The only way to keep the Internet free
In yet another blow to US global leadership, the Obama administration is abdicating control of the Internet.
Countries that loathe freedom will gain more influence over what you’re able to see on the Web. Wake up, America: You’ve had unlimited access to information, but you could lose it.
The United States started the Internet and served as its guardian for many years, assuring that virtually any person or group, no matter how controversial, could add a Web site to the worldwide network. But on Oct. 1, the Obama administration surrendered US oversight to a multinational organization, ICANN — the Internet Corporation for Assigned Names and Numbers.
ICANN will have sole power to grant Web addresses — or deny them, essentially banning sites from the Internet. If a site doesn’t have an address from ICANN, you won’t be able to find it.
Where are our presidential candidates on this? Donald Trump is warning that Obama’s policy threatens our freedom of expression and our national security. Hillary Clinton is falling in line with President Obama, just as she did with the Iran deal.
And the media are silent, distracting viewers with topics like green frogs, Skittles, birthers and beauty queens.
ICANN answers to a council that includes over 160 countries. The United States, no longer the referee, has only one vote. Just like China, which blocks tens of thousands of Web sites inimical to Communist Party dogma within its borders. And just like Iran, which censors political messages and photos of women not wearing mandatory Islamic dress.
The danger is that repressive regimes will outnumber free nations and impose censorship everywhere.
“Imagine an Internet run like many Middle Eastern countries that punish what they deem to be blasphemy,” warns Sen. Ted Cruz (R-Texas). It could become impossible to get a Web address that advocates for gay or women’s rights, displays sexy lingerie or criticizes Shariah law …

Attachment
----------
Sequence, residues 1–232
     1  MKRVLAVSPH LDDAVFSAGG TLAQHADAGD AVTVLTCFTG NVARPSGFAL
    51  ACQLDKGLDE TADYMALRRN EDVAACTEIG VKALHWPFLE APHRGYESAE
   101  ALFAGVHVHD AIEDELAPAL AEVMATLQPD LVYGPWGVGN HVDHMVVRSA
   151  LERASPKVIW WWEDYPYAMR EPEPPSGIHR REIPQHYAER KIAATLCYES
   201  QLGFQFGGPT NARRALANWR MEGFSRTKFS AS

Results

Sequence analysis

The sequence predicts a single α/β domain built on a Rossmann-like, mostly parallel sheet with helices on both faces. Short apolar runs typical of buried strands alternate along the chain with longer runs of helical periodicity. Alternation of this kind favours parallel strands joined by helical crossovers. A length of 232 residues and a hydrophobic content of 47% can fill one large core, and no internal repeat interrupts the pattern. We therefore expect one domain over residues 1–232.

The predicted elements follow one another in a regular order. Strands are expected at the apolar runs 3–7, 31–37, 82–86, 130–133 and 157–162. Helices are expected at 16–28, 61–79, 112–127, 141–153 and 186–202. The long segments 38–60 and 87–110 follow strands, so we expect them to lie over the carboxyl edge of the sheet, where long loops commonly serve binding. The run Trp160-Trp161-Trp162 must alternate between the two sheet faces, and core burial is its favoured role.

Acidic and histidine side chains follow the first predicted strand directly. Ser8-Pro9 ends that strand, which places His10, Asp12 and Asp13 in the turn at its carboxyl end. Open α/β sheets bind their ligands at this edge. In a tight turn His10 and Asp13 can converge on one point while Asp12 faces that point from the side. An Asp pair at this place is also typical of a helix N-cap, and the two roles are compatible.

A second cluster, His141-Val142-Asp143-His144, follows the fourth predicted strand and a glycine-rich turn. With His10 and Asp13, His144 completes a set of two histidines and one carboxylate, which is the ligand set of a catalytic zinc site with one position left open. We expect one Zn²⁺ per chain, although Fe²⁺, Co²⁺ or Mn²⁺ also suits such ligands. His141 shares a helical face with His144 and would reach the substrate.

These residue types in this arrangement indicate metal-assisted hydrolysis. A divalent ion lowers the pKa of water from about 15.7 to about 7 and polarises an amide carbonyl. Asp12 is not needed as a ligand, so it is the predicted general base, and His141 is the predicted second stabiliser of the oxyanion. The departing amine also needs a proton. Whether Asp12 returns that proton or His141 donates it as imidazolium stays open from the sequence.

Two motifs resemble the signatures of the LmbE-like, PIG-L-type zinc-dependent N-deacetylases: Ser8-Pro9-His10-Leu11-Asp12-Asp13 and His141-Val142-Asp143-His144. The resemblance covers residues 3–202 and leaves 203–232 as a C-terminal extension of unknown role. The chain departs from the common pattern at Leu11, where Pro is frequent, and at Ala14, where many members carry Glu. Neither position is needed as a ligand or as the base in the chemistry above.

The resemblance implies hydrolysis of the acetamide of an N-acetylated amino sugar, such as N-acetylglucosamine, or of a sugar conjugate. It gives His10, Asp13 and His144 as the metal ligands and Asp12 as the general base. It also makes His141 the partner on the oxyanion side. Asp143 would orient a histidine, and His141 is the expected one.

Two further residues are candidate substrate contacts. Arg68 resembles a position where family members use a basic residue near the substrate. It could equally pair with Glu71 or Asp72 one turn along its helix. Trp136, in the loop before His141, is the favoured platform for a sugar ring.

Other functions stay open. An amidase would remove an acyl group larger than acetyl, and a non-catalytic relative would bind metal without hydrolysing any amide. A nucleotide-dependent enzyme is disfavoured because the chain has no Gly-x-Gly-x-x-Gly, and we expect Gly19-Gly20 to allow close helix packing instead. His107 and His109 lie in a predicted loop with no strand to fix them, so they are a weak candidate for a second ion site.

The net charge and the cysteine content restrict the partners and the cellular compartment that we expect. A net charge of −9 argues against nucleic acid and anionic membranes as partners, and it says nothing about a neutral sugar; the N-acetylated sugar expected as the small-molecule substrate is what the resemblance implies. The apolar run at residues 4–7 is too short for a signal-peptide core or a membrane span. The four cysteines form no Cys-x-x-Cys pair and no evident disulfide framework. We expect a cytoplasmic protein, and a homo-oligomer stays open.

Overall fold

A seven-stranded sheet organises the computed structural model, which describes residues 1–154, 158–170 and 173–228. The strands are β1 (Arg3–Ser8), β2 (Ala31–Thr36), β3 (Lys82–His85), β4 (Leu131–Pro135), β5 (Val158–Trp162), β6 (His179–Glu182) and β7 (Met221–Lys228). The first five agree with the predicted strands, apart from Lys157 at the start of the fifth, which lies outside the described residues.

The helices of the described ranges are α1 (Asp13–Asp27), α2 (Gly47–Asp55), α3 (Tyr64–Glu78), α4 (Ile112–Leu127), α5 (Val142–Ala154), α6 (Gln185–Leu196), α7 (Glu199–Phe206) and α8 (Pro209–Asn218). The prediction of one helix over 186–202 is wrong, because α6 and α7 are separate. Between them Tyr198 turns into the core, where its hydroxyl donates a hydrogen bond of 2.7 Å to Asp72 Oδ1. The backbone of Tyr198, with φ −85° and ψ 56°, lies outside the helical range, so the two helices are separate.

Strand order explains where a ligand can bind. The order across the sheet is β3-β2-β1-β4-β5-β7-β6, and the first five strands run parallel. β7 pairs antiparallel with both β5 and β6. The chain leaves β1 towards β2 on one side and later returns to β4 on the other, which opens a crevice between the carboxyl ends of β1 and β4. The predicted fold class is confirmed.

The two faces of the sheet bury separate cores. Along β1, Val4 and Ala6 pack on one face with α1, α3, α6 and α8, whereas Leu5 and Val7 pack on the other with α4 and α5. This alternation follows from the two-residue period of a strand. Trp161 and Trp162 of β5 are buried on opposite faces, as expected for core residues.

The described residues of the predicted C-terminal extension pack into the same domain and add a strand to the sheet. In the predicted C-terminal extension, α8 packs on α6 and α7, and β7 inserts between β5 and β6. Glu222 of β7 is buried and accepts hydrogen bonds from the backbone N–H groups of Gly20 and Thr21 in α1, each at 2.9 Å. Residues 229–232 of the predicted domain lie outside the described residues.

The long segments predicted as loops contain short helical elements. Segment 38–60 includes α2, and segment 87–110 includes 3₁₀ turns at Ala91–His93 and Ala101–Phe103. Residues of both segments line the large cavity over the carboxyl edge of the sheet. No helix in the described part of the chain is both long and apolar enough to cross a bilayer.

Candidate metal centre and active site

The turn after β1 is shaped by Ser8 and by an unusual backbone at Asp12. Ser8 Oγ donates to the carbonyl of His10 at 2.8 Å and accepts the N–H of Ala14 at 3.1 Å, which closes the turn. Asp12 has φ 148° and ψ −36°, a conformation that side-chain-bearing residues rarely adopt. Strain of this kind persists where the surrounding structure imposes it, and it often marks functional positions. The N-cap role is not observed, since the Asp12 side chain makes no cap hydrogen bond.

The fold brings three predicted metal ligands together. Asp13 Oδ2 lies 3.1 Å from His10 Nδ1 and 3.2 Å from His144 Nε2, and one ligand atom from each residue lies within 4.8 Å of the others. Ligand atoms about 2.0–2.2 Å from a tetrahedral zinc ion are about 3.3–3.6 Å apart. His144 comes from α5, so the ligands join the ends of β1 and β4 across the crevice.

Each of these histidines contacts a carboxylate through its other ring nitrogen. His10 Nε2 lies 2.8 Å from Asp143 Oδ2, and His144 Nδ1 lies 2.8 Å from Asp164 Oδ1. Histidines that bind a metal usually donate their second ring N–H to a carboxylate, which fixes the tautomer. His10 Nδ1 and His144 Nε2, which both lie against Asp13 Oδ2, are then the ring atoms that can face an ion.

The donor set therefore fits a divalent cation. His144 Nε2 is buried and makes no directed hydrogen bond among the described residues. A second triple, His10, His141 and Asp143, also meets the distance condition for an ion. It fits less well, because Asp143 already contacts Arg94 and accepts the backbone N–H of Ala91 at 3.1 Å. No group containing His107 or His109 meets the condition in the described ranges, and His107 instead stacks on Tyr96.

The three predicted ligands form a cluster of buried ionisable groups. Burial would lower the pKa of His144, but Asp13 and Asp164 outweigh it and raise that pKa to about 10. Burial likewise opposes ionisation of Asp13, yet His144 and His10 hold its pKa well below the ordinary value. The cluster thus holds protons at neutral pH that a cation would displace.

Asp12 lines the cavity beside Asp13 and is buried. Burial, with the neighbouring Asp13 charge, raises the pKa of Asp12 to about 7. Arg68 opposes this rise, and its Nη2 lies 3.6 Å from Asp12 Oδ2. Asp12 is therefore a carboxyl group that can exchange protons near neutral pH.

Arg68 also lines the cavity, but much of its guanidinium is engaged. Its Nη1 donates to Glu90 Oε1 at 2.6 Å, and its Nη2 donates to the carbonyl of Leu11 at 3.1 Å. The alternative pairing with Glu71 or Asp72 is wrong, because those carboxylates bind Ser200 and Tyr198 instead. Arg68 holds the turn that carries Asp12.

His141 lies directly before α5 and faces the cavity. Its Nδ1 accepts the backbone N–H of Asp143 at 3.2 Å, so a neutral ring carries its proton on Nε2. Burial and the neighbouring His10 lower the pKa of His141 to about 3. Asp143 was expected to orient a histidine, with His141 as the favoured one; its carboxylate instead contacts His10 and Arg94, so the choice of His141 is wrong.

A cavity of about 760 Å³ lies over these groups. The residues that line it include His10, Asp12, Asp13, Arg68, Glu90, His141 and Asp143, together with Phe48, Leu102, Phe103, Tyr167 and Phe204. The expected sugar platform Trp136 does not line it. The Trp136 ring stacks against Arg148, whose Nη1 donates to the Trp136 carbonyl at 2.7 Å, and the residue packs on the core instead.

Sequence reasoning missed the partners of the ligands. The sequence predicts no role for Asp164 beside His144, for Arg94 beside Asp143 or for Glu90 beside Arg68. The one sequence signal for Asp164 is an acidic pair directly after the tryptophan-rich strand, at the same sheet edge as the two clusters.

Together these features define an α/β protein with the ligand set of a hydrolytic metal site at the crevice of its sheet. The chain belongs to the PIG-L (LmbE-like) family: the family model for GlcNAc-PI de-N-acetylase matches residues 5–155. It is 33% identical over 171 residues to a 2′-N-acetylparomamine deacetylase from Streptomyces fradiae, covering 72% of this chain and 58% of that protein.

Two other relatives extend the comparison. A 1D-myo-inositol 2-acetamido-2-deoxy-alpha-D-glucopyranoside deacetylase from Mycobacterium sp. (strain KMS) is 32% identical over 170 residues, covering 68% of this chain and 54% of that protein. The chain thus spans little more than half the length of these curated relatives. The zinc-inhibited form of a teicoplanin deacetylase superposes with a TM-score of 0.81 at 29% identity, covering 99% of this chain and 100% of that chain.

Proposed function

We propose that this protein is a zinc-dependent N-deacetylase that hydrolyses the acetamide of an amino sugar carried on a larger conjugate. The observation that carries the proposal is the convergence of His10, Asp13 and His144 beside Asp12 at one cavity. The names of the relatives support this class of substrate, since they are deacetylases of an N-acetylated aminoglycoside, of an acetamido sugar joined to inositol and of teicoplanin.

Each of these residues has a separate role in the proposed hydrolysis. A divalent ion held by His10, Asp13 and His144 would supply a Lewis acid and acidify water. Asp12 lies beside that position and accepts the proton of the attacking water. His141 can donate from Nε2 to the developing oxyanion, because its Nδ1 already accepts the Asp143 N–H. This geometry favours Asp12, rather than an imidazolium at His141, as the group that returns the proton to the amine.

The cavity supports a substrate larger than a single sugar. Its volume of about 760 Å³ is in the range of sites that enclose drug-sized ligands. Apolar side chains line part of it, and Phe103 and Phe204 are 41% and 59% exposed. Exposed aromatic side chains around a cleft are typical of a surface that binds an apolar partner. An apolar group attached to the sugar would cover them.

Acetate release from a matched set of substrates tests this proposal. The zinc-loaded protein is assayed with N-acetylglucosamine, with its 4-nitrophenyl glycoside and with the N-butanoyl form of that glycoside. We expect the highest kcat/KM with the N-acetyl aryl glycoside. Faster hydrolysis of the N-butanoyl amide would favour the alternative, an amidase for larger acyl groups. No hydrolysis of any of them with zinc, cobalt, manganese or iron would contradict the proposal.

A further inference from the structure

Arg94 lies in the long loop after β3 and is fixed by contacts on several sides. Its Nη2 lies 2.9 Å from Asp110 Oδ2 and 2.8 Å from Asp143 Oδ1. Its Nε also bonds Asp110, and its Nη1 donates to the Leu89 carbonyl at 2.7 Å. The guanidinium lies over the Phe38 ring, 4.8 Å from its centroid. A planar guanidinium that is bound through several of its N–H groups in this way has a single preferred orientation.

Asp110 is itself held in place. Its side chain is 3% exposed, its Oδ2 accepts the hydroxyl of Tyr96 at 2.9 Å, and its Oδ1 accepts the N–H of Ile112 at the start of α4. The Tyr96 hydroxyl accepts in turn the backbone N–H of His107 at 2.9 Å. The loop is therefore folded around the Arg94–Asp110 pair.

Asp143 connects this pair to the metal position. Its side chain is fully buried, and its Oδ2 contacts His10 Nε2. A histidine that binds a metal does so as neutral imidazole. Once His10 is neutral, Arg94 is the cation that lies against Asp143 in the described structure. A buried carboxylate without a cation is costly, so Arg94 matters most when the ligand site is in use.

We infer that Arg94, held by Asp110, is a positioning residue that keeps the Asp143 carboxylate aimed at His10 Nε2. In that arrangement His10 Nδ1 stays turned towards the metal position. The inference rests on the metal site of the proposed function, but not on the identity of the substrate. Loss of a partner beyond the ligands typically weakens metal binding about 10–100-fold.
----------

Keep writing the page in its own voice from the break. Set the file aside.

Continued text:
Under the new arrangement, the United States loses power. No surprise, there. That’s Obama’s legacy: globalization and a reduction in US influence.
Opponents of the Obama giveaway are going to court to reverse the move. Last Friday, four states — Texas, Arizona, Oklahoma and Nevada — failed to get a federal court judge to delay the transfer. But expect more litigation ahead. Challenges will question the constitutionality of Obama handing over US government property without getting Congress’ consent.
The Internet was created by the United States a half century ago as a Defense Department project. Within 20 years, its influence spread worldwide, and President Bill Clinton established and funded ICANN to administer the technical side — allocating Web addresses, keeping a “yellow pages” of them and ensuring smooth, unhampered access to Web sites. ICANN reported to the Department of Commerce.
In recent years, hostile governments have pushed to make ICANN part of the United Nations. ICANN executives argue that “fairness” dictates giving all nations an equal role.
Obama believes keeping US control of the Internet would “embolden authoritarian regimes.” It’s a repeat of his foolish argument that calling out Islamic terrorists will incite them to perpetrate more attacks.
Nonsense, says Sen. Chuck Grassley (R-Iowa). “These countries already fail to respect freedom of expression.”
In 2014, when Obama announced the deadline for the 2016 handover, Bill Clinton opposed it: “I just know that a lot of these so-called multi stakeholders are really governments that want to gag people and restrict access to the Internet.” Too bad Hillary doesn’t see that.
Disappointing yes, but not surprising coming from a former secretary of state who left her agency’s cybersecurity in shambles. Ceding control to ICANN will put all federal Web sites, even military and Homeland Security sites, under the thumb of this multinational organization — in that it has the power to rescind a .gov or .mil address. The only protection is a letter of agreement with ICANN that is not legally enforceable. Good luck with that.
Advocates for cybersecurity, strong national defense and First Amendment liberty all agree that ceding any control of the Internet to intolerant, anti-democratic nations is a dangerous leap into darkness.
Betsy McCaughey is a senior fellow at the London Center for Policy Research.